Implement a distributed program for vertex engines. This should run both our own GAS programs and the tinkerpop3 vertex program API.
This can be a callable distributed to each node on the cluster with the parameterized GAS algorithm. The SPO(C) and O(C)SP indices provide forward and reverse traversal indices (aka out-edges and in-edges respectively). The decomposition of the GAS algorithm should use low latency communications since we will need to provide efficient support for a lot of in-flight fine-grained operations. This could evolve to an asynch engine easily enough, and we might even want to build that in front the start since it will improve performance significantly and closely align with our MapGraph goals.
We probably need to use the MemStore for the compute state on the nodes to avoid heap pressure (this is also true for the single machine gas engine which currently uses a ConcurrentHashMap).
Scale-out stores each edge multiple times (3 times for triples, 6 times for quads). The SPO(C) shards correspond to the in-edges. The O(C)SP shards correspond to the out-edges. Some consequences of this design:
- The shards for the in-edges and out-edges are NOT co-located.
- Note: the 2D decomposition currently used by MapGraph would co-locate those shards. So does the 4-store architecture. Either we should plan to change the way in which we handle shard splits in the future to bring the system into alignment with the 2D architecture of MapGraph -or- get clarity about the real target data layout for MapGraph and converge on that (which is not a 2D layout and might actually be closer to what we are already doing).
- Vertex state needs to be mapped onto DS or CS nodes based on something such as the hash of the vertex id. This means that it will basically never be co-located with the edges for the vertex.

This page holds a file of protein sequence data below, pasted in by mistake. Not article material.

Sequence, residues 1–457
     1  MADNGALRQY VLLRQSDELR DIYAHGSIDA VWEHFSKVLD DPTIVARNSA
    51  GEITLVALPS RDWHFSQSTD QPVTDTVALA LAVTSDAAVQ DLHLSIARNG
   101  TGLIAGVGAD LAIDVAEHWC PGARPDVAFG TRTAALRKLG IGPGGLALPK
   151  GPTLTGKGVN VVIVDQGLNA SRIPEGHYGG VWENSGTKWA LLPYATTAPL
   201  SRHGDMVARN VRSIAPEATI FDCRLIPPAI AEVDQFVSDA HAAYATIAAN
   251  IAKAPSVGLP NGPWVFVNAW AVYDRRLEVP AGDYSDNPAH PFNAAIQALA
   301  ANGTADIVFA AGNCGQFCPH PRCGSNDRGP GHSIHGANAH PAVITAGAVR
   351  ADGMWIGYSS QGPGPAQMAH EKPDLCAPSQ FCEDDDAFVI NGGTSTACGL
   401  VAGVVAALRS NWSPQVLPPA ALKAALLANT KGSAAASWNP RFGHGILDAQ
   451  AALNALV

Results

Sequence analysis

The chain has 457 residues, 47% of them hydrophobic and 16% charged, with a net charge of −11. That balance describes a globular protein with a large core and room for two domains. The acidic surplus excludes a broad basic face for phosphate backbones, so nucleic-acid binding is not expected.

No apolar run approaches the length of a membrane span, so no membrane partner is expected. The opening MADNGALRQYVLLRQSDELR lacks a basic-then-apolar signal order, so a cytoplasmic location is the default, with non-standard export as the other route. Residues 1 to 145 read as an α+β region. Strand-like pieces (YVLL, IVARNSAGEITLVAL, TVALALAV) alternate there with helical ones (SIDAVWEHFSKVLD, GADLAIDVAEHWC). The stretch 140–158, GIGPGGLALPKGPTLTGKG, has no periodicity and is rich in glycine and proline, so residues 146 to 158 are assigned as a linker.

- Low-level and continuous streaming small messages will be important for scalability of the computation since edges are basically always remote.
- We could run the vertex computation on the CS nodes. If we also key-range partition over the CS nodes on hash(SO), then we could co-locate the computation state for edges.
The Gather and Scatter operations need to be decomposed over the DS nodes for the SPO(C) and O(C)SP (depending on whether we are reading on the in-edges or out-edges). There are two ways of approaching this, depending on whether or not we want to make the DS nodes responsible for the computation (and storing the computation state) or concentrate the computation on the CS nodes only doing reads on the DS nodes. Since both CS and DS nodes implement the discoverable IRemoteExecutor service, we could implement for the assumption that the computation runs on the CS nodes but allow for it to be executed on the DS nodes. There are some tradeoffs that need to be explored for the CS vs DS nodes decision, including:
- If we are allocating CS nodes for bulk load, then they could be readily reused for vertex programs and the overall system might be more amenable to concurrent vertex program execution since we could just allocate more CS nodes even though the read demand on the DS nodes would be scaled by concurrent vertex programs;